Healing Comes in Waves

Such a beautiful metaphor for one who loves the ocean. Can’t you just picture the relentlessness of the waves? Some days the waves are soft and gentle, sometimes they are almost imperceptible, other days, they are crashing onto shore with ferocity. Healing is the same, it is gradual, sometimes fast, and sometimes slow. This bracelet helps me to remember to accept the healing as it comes. I can’t control the pace, but I can choose to allow it to wash over me (or crash over me). Sometimes it will knock me down, but I will rise again. Listen to the waves.

This journey of life is gradual. Our healing comes in spurts and fit, not all at once. Like waves upon the shore, healing is continual. Healing keeps coming. As I wear this bracelet, I am reminded that I am not yet finished. I will not stay standing still at this same spot. I will grow and I will heal. I will be better than I am now. And this brings me peace and serenity.

Hot Cocoa on a Cold, Gray Day

Sometimes its the little things in life that matter most. Like hot cocoa, or a sunset, or a note from someone, or a hug. Some of these things are in your control, others are not. But if you live with intentionality, and bring joy to others through small gestures, it will come back to you in beautiful ways. The key is to appreciate the little things. Not to make a mountain out of a molehill, necessarily, but to appreciate the small niceties of life. And to choose joy and gratitude. When we allow our mind to dwell on the positive things, our attitude improves and our serenity is increased.

Building this gratitude muscle makes a habit and this habit has such a big impact on your serenity. Think back over the last few days; can you think of some things you are thankful for? Why not try writing them down. Did you have an experience this week that made you feel less stressed and more serene? Write it down. Cultivate the habit of noticing and appreciating those little things.

So, here’s your challenge for today – and don’t talk about it, just do it: do something nice or thoughtful for someone today.

Leave a comment and tell me what little thing you are thankful for today.

 

Taking a Hot Cocoa Break

Inspiring Others is Leadership

Love this quote that was sent to me as a gift a while back.  I want to inspire others to find serenity in life, to live with intention, to be present, and to become all they were created to be.

Hoping you’ll stop for a moment today and treasure a quiet moment of serenity – look at some art, watch the sunset, kiss a baby, take a deep breath of fresh air, listen to the silence around you, or close your eyes and just be still. Serenity is within your grasp every day if you choose it.

Keep Calm and Sail On!

Years ago as I was coming home from a cruise sailing down Long Island sound, I was towing my dinghy in increasingly rough seas. The dinghy flipped and the rope broke. My dinghy was left floating upside down in Long Island sound as I navigated in a brisk wind. I was unable to retrieve the dinghy as I had no means of getting it aboard the boat. Luckily I was fairly close to home. After I got to my destination, I called my dad. He studied the wind and the tide and went out in his motor boat with a pretty good idea of where the dinghy should be and he found it! Together we got it aboard his motor boat and got it home.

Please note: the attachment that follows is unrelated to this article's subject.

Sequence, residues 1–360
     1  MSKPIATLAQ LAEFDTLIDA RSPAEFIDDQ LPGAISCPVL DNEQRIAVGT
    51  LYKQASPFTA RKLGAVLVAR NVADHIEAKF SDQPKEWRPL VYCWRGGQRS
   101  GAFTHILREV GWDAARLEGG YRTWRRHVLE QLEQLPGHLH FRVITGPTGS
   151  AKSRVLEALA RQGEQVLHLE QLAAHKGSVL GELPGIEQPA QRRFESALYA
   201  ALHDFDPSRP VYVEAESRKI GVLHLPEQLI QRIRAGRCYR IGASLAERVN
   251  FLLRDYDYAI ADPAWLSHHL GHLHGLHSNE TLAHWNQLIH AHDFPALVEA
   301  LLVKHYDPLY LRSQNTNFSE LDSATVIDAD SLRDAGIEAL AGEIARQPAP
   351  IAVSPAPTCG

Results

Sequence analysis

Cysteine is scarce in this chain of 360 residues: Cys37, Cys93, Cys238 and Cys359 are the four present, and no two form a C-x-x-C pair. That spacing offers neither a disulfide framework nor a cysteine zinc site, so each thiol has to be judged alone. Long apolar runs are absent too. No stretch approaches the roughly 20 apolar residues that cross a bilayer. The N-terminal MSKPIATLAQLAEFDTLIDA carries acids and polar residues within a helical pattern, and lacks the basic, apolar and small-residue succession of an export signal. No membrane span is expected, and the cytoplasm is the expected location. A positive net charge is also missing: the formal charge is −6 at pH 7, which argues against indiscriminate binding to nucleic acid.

From my dad I’ve learned lessons about life on the water and life in general. You have to know the wind and the tide. You have to understand their effect on your boat. You have to be prepared for anything. You have to learn not to panic in an emergency. You have to be willing to let go. And you have to be open to creative ideas and to dads who can rescue you. Life has wind and waves and tides and seasons – for sailors and for regular landlubbers. How you approach these daily challenges and the attitude with which you sail, have a huge affect on your well-being. From my quiet dad, I learned to approach life with serenity. Keep calm and carry on!

Fragrance and Joy

 I have a wonderful husband; he is very committed and loving. And he gets me great Christmas presents. Like this one that is a work of art and comes in pretty packaging. This brings me joy and serenity. To have a husband who loves to buy me nice things and treat me on special occasions is a treasure. I’m thankful for 30 plus years with him by my side. I’m trying to be the soulmate and cheerleader he deserves and to return that love in many big and small ways.

Here’s to 2018, babe – Best Year Ever – together!

Self-Awareness, Gifts, and Calling

My PhD program has a strong emphasis not just on the theoretical, but also on the practical.  We are encouraged to learn more about our own leadership style and gifts.  These are a sample of the books I have acquired on self-awareness, gifting, and calling throughout my life – not including the grad school books.  I realized recently that this is a topic I’ve been interested in for most of my adult life.  Recently a prof used the term ‘quiet leadership’ and that resonated with me.  I’ve been writing about and pondering serenity these last two years; I know that it is a gift and I’m thankful that I’ve been given this gift.  Trying to determine if that is the direction I might be going with my dissertation topic.